When you consider this possibility, now the reason why exercise works so well is obvious. Pain exists in the muscles and exercise helps to target these structures with positive benefits. Ischemia is an oxygen deprivation condition and active exercise and stretching are well documented to increase region circulation and therefore oxygenation of the involved tissues. Although the effect is temporary in every case, exercises will relieve ischemia. Now the explanation makes more sense. Too bad more therapists have the right goal in mind, but the wrong reason for doing it.

Exercise is great for the body and encouraging patients to perform fitness-based activities is far better than loading them up on dangerous drug treatments.   However, patients must be better educated concerning the limits of exercise therapy and should not expect their herniation to suddenly resolve simply by participating in physical therapy. This is an unrealistic goal. That being said, there is no reason to think that the herniation necessarily needs to resolve in order for the pain to stop.  Many disc abnormalities are not symptomatic and others can stop creating symptoms, even when they remain or worsen degeneratively with continued aging.

For patients with verified structural disc pain and nerve impingement or spinal stenosis issues related to intervertebral pathology, exercise often escalates the symptoms, helping to reinforce the validity of the diagnosis.

Summary on Thoracic Herniated Disc Exercises

We are outspoken advocates of all forms of exercise. We believe that any constructive method of pain relief is far superior to any risky or pharmaceutical approach. However, we also have a serious problem with the way patients are treated in certain aspects of the disc pain treatment process.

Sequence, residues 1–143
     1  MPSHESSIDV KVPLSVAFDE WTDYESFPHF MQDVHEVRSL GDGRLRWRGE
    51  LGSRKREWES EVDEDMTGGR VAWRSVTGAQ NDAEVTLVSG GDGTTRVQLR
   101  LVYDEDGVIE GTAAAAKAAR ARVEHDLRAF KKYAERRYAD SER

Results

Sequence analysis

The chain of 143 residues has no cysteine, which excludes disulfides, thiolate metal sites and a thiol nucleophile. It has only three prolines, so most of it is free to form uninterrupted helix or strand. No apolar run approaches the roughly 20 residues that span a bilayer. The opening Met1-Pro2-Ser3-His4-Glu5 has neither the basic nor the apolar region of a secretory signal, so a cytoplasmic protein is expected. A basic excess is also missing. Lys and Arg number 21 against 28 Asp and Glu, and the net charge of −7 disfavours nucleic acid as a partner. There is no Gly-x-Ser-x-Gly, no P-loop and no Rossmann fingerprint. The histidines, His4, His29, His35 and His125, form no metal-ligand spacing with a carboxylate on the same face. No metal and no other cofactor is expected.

We find many patients are misled or simply never informed about the gross limitations of exercise therapy. We continually receive letters from patients who have completed their course of physical therapy and wonder why they still have pain. This fact tells us that doctors are not doing their jobs correctly and patients are being mishandled in the treatment industry.  Unfortunately, this is business as usual in the back and neck pain arena.

We encourage patients to get involved in exercise therapy to help them to live better, become healthier and manage their pain. We do not encourage patients to place too much hope for a complete cure for any pain that is actually coming from a thoracic herniation. Patients might have better results from exercise if their pain has been misdiagnosed, which is a terribly common problem within the treatment sector as a whole.

We also encourage patients to diversify their types of exercise therapy and to find activities that they enjoy. Calisthenics and other typical physical therapy methods are fine, but patients will stand to gain far more from interest-based activities that might be integrated into life far into the future. These pastimes include swimming, tai chi, Pilates and yoga.  

Please share your own results of exercise treatment on our herniated disc forum. Your experiences will assist other patients in finding the best path towards a cure.